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Five Questions: Julien on challenges, facing adversity

by Dan Rosen periodically will be doing a series called "Five Questions With …," a Q&A with some of the key movers and shakers in the game today aimed at gaining some insight into their lives and careers.

This edition features Boston Bruins coach Claude Julien:

While maintaining a steady pace to stay ready for the start of the NHL season, Boston coach Claude Julien also has kept close tabs on what is happening throughout the Bruins organization.

As he prepares for a one-day stint coaching a local youth team, Bruins coach Claude Julien reflects on some of the challenges he's faced and the adversity he's overcome in his career. (Photo: Getty Images)

He has traveled the short distance to Providence, R.I., to check out the Bruins' American Hockey League team, the Providence Bruins. Julien went on a scouting trip with Boston general manager Peter Chiarelli to see some of the Bruins' junior-hockey prospects. He continues to show up to the office at least four days a week to work out and go over strategies they plan to implement when the players return.

And Sunday, Julien who has won a Memorial Cup and a Stanley Cup, will get a chance to keep his coaching chops fresh by getting back behind the bench to lead a local youth team that won his services as part of a charity raffle drive to benefit the Boston Bruins Foundation and minor hockey programs in the area.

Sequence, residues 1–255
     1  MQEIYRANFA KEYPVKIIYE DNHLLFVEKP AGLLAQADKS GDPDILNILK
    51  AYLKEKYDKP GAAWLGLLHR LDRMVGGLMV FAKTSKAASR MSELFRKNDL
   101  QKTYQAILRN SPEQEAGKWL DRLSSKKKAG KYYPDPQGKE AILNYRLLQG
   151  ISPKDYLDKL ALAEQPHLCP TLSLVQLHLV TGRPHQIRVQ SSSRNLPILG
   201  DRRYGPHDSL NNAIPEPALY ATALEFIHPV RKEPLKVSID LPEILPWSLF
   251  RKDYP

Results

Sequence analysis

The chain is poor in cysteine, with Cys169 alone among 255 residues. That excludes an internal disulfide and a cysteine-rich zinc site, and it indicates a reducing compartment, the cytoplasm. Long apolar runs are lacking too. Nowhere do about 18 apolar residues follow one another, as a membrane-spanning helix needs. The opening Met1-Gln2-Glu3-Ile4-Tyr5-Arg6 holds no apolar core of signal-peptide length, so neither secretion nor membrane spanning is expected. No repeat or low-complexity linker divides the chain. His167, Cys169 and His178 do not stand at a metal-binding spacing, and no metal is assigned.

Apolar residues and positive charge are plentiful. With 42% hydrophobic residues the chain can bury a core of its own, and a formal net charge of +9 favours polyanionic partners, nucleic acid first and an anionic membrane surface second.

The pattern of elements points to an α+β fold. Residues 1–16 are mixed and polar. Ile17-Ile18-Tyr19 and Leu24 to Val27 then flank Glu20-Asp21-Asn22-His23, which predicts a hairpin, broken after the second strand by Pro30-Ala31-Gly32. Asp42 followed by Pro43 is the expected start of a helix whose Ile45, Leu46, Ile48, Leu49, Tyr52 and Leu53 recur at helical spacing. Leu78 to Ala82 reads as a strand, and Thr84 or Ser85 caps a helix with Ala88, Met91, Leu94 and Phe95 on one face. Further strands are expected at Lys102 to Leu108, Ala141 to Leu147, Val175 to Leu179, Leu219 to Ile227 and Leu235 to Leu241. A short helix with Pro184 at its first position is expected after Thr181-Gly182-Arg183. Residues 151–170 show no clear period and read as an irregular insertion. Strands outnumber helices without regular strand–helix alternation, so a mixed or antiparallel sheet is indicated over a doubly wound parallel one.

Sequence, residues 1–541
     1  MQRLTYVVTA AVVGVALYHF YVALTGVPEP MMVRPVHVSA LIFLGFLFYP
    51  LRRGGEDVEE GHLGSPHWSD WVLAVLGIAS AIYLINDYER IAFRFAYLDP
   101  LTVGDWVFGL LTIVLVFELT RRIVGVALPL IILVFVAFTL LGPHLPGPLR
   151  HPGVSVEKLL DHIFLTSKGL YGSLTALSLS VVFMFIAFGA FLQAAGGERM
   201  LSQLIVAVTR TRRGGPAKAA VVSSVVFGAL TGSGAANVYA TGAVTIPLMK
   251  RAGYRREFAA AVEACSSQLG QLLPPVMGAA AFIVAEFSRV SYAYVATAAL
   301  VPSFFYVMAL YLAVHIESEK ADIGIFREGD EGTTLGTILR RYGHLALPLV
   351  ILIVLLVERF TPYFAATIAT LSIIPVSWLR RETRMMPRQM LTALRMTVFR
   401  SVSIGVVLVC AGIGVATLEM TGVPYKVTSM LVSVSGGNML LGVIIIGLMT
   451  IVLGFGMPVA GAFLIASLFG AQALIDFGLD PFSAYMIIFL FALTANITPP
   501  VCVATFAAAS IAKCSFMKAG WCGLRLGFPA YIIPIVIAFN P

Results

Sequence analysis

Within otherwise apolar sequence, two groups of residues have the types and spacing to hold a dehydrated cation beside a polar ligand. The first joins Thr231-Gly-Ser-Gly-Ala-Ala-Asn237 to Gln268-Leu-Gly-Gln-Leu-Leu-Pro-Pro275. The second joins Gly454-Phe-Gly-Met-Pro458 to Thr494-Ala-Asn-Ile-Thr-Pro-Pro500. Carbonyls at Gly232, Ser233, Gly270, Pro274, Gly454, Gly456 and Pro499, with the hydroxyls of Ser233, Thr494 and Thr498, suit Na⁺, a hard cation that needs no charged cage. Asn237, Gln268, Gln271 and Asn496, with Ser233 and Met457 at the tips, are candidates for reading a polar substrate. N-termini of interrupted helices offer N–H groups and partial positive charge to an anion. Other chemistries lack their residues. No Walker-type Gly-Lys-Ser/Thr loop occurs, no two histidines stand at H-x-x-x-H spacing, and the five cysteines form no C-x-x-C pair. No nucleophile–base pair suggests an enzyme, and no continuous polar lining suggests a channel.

Julien's one-day job as coach of the Winthrop, Mass., Squirt B team was not the reason approached him for this Q&A, but it's as good a place to start as any.

Here are Five Questions With … Claude Julien:

Did you ever think the day would come that your coaching skills would be raffled off for charity?

"Well, I don't think it ever crossed my mind, but certainly in this situation I'm glad it did. It is something that can certainly benefit a lot of people, and certainly the kids that won the raffle. There was some good money raised for minor hockey and our foundation. So I can't say I did, but I'm happy it has happened at this time."

What has been the greatest challenge of your coaching career, and it could go all the way back to your junior days?

"There are two things that stick out and one of them is exactly what you said, in my junior days. After we had won the Memorial Cup with the Hull Olympiques [in 1997], the next year we only had three returning players and those guys were almost extras the year before, and we also had given up a lot of our draft picks to build our team to win the Cup. We had to go out and grab a bunch of guys that had been released from other teams and we were able to build a team and somehow we made the playoffs. I thought that was a challenge in itself. The year after, we ended up with 17 rookies and made it to the seventh game of the finals. Those two years combined are pretty special to me.


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"When it comes to the pro level, I still talk about the first year I came to Boston [2007-08]. We were trying to get this team back on track. We lost Patrice Bergeron in the beginning of the season with that concussion, but we managed to make the playoffs and took Montreal to Game 7 after they finished first in the conference. Those kind of underdog teams, with players that are more of the grinding, hard-working types, when you can get teams like that and make them believe they can accomplish something -- that makes me real happy."

You've been fired twice since you got to the NHL, first by Montreal and then by New Jersey. Can you explain what those days and the aftermath of those days are like?